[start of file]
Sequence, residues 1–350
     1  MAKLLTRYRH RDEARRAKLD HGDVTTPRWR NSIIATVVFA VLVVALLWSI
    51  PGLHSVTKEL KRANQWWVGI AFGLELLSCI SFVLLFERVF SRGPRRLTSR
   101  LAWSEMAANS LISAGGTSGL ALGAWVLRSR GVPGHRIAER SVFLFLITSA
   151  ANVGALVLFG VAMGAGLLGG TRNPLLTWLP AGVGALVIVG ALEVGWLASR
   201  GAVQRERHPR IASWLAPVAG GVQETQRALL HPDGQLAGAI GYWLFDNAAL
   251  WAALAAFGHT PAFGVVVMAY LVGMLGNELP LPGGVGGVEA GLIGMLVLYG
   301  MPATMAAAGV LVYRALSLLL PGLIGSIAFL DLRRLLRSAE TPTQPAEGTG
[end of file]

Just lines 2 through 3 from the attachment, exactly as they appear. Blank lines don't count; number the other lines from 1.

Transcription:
     1  MAKLLTRYRH RDEARRAKLD HGDVTTPRWR NSIIATVVFA VLVVALLWSI
    51  PGLHSVTKEL KRANQWWVGI AFGLELLSCI SFVLLFERVF SRGPRRLTSR